Interesting artice in today's Los Angeles Times: In 2006, a fishing trawler sank off the southwestern tip of Catalina Island - one of the Channel Islands situated about 25 miles off the coast of Los Angeles/Long Beach. Sitting upright on the bottom, its haul of fishing net drapes over the ship like a billowing circus tent and has been responsible for the death of endless numbers of marine life, ranging from small fish to seal lions, dolphins and sharks. The sandy bottom around the base of the wreck is littered with the bones and skulls of many of the net's victims.
In come the Ocean Defenders Alliance, a Huntington Beach, CA-based non-profit committed to protecting offshore reefs and seabeds from dangerous man-made objects, particularly fishing nets which, when torn or lost at sea, often pose an ongoing hazard to marine life - as in the case of the sunken trawler at Catalina.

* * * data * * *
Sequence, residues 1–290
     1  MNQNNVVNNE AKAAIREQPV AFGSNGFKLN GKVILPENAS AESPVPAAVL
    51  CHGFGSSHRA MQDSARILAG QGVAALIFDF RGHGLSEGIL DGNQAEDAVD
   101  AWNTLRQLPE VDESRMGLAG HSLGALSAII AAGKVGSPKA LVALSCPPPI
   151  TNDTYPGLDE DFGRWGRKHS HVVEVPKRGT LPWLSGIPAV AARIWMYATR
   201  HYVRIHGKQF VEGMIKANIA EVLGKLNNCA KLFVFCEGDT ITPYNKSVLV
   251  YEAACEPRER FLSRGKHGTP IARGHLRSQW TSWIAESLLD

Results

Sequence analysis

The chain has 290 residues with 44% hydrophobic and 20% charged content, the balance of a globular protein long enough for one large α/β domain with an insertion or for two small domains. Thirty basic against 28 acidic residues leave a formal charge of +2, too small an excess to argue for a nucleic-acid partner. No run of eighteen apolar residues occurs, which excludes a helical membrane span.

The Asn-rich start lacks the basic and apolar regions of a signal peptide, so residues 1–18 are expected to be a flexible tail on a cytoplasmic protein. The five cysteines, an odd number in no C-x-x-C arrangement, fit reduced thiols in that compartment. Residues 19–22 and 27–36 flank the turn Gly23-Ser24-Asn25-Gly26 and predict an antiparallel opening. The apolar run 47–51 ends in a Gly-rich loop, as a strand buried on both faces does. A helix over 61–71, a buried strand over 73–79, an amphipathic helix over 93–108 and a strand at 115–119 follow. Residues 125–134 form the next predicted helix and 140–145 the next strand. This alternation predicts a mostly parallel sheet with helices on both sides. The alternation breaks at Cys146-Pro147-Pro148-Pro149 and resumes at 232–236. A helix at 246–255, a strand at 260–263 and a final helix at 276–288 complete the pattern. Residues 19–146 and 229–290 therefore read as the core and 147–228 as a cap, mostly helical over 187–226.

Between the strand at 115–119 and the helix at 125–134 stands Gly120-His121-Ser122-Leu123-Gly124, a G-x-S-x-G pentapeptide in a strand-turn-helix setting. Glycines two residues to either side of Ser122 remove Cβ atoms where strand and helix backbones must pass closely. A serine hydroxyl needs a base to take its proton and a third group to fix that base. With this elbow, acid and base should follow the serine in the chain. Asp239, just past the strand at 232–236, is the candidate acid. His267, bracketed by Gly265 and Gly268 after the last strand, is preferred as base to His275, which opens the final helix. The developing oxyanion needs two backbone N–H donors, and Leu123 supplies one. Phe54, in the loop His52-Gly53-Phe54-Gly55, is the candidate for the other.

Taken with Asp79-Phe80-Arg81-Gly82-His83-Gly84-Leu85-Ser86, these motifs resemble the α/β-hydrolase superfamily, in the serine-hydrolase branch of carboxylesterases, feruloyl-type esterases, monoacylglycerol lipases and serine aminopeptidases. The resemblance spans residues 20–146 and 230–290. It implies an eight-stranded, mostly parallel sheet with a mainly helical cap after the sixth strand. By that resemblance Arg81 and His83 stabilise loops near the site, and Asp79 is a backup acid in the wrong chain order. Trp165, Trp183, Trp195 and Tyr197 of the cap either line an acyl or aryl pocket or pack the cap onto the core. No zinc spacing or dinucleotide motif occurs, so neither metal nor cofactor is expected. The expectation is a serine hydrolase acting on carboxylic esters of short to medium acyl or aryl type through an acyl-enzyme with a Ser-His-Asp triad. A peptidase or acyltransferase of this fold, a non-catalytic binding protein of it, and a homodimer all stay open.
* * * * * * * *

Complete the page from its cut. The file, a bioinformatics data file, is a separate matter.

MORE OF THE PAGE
This past weekend, volunteer divers working with the Ocean Defenders Alliance made a series of deep dives, breathing a Nitrox blend to limit the possibility of decompression sickness, to cut away the derelict netting and haul it to the surface - not an easy task due to the depth, limited visibility, and shear bulk of the fishing net. As much as 800 square feet of netting was recovered, but organizers believe it will take many more dives to retrieve it all.
Congratulations to the Ocean Defenders Alliance for taking this proactive step regarding abandoned, derelict fishing nets - a worldwide problem that contributes to the death of many tens of thousands of marine animals. (Read entire L.A. Times article.)